Changes in retinal anatomy differed by drug and frequency of treatment, but did not have an impact on vision through two years. Though results showed slightly less vision gain with as-needed treatment, researchers say benefits and drawbacks to both regimens should be considered by patients and clinicians.
"Patients who want the small extra advantage afforded with the monthly treatment should also be aware of the additional risks and costs of the monthly injections," said Maureen Maguire, PhD, principal investigator, CATT Coordinating Center at the University of Pennsylvania. "Those in the as-needed group ultimately required 10 fewer injections over the course of two years and experienced similar visual improvements."

Adverse events indicate development or worsening of a medical condition. They may or may not be causally associated with the clinical trial treatment, but they are always monitored and reported in any clinical trial. The median age of patients in CATT was more than 80 years, and a high rate of hospitalizations would be anticipated as a result of chronic or acute medical conditions more common to older populations.

Serious adverse events (SAEs) occurred at a 40 percent rate for patients receiving Avastin and a 32 percent rate for patients receiving Lucentis. Although Avastin had a higher rate of SAEs, they were distributed across many different conditions, most of which were not associated with Avastin when evaluated in cancer clinical trials where the drug was administered at 500 times the dose used for AMD. The number of deaths, heart attacks, and strokes were low and similar for both drugs during the study. Additional data from other clinical trials comparing Avastin and Lucentis may provide further information on the long-term safety profiles of these drugs when used to treat AMD.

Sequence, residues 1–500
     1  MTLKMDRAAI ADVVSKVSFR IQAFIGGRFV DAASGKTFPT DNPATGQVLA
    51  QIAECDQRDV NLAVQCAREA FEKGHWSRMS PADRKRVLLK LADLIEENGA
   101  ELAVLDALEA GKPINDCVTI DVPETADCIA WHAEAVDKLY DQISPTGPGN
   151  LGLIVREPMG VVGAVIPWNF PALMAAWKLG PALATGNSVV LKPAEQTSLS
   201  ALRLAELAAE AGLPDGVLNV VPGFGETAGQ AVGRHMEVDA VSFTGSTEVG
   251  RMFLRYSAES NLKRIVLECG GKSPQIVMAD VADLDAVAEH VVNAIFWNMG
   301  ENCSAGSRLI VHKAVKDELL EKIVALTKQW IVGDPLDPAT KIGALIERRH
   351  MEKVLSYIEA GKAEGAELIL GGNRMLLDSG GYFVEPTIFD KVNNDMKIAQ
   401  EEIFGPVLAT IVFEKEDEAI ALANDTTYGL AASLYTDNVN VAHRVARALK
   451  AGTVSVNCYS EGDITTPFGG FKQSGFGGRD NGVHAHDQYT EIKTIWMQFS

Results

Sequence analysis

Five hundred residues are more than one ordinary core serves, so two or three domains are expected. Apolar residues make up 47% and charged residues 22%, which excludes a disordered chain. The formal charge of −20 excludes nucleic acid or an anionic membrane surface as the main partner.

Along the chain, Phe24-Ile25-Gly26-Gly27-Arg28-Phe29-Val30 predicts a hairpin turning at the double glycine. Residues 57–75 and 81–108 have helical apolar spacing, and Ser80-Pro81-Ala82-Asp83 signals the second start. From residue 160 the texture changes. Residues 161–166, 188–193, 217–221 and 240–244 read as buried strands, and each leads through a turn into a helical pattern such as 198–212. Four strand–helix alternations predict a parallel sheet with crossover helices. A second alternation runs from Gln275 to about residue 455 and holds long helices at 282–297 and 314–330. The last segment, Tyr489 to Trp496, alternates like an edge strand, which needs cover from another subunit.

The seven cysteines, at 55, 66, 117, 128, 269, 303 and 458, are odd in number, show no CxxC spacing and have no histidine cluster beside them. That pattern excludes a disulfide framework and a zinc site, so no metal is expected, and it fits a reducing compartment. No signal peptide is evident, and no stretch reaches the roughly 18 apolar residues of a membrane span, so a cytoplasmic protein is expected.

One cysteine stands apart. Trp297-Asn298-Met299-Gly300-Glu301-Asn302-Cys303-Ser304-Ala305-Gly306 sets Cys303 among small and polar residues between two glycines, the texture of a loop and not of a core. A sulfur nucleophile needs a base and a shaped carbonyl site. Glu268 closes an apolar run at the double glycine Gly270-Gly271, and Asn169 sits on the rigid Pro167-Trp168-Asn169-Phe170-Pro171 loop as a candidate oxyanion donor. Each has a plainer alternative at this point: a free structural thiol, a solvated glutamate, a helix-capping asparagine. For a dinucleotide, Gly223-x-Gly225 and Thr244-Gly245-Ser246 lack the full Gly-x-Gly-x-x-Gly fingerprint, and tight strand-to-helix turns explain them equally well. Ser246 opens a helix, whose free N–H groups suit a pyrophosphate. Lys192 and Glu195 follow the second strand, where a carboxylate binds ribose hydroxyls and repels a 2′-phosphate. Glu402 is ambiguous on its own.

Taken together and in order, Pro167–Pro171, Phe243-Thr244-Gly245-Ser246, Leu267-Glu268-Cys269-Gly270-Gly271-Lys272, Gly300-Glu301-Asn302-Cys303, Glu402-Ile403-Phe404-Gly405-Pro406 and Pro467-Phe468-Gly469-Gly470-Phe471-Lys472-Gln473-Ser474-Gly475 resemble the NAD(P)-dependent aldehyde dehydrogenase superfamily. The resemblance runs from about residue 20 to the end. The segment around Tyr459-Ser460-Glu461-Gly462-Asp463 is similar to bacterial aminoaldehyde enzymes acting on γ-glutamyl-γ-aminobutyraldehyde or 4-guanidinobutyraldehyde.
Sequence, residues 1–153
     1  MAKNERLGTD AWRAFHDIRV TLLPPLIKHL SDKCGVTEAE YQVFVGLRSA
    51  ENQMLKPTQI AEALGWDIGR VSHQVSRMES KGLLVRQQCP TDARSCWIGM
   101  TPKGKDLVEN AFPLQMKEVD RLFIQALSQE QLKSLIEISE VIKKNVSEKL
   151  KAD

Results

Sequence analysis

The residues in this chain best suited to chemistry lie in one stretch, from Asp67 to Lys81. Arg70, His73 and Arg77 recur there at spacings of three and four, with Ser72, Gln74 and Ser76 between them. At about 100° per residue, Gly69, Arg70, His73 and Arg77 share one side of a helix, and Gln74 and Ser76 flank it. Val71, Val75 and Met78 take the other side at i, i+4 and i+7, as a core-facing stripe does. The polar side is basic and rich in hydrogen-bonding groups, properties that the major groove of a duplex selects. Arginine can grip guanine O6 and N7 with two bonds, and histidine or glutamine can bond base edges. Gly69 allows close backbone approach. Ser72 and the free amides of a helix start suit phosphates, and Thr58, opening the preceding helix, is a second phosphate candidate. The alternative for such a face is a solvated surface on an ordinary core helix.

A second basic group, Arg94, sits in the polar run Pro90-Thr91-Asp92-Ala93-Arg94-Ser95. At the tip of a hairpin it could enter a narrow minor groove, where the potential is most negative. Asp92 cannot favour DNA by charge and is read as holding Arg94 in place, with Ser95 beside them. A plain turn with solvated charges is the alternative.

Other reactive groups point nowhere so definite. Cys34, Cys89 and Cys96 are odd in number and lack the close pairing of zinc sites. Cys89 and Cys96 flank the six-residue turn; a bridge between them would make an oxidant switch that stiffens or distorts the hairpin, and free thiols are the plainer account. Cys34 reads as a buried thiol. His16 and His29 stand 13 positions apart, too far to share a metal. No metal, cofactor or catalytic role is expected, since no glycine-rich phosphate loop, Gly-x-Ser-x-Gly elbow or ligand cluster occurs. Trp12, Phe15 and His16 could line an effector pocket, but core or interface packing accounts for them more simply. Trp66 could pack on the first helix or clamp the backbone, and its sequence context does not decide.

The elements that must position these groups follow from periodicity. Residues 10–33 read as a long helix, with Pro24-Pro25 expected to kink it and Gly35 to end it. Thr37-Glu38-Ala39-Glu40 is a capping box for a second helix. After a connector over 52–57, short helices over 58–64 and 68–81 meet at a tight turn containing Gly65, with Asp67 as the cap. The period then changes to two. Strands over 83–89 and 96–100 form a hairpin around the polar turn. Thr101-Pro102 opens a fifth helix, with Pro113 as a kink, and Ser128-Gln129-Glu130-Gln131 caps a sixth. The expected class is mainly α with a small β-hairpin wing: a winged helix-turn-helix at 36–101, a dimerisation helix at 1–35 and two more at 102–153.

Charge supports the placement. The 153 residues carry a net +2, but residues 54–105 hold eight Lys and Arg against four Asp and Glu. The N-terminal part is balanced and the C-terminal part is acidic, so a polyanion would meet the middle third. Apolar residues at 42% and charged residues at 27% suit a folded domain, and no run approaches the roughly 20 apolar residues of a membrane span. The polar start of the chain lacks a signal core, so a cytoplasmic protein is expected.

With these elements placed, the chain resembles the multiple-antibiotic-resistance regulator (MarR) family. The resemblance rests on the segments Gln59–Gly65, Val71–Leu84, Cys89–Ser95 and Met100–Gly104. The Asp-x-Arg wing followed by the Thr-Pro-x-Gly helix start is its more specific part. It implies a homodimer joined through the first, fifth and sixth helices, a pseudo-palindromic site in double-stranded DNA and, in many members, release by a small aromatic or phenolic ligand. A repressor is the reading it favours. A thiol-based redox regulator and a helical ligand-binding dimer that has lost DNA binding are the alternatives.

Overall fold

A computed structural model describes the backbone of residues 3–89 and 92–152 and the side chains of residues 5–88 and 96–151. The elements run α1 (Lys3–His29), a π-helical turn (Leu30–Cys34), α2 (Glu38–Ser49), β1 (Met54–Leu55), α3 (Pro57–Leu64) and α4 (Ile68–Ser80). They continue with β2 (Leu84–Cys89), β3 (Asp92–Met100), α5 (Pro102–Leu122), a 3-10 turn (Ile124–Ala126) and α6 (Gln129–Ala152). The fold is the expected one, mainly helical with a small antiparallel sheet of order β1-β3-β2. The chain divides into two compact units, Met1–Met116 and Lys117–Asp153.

About Porter Adventist Hospital

Porter Adventist Hospital is a full service, Nursing Magnet designated, 368-bed acute-care referral center for complex medicine and surgery patients. In addition to being ranked No. 1 for 2010 in overall cardiac care in Colorado by a national hospital reporting company, Porter specializes in cancer care, joint replacement, spinal care, advanced robotic surgery and organ transplantation. Porter is sponsored by Adventist Health System and is connected to Centura Health, Colorados health care leader, and its integrated statewide network of 13 hospitals, seven senior living communities, medical clinics, affiliated partner hospitals, Flight For Life Colorado, and home care and hospice services. Together, Porter and Centura Health provide care that transcends the walls of a hospital. Connections that only Centura Health can make. For more information about Porter Adventist Hospital, visit www.porterhospital.org or the Media Room at http://porter.mediaroom.com.

About the National Institutes of Health (NIH)

NIH, the nation's medical research agency, includes 27 Institutes and Centers and is a component of the U.S. Department of Health and Human Services. NIH is the primary federal agency conducting and supporting basic, clinical, and translational medical research, and is investigating the causes, treatments, and cures for both common and rare diseases. For more information about NIH and its programs, visit www.nih.gov.

The National Eye Institute, part of the National Institutes of Health, leads the federal government's research on the visual system and eye diseases. NEI supports basic and clinical science programs that result in the development of sight-saving treatments. For more information, visit www.nei.nih.gov.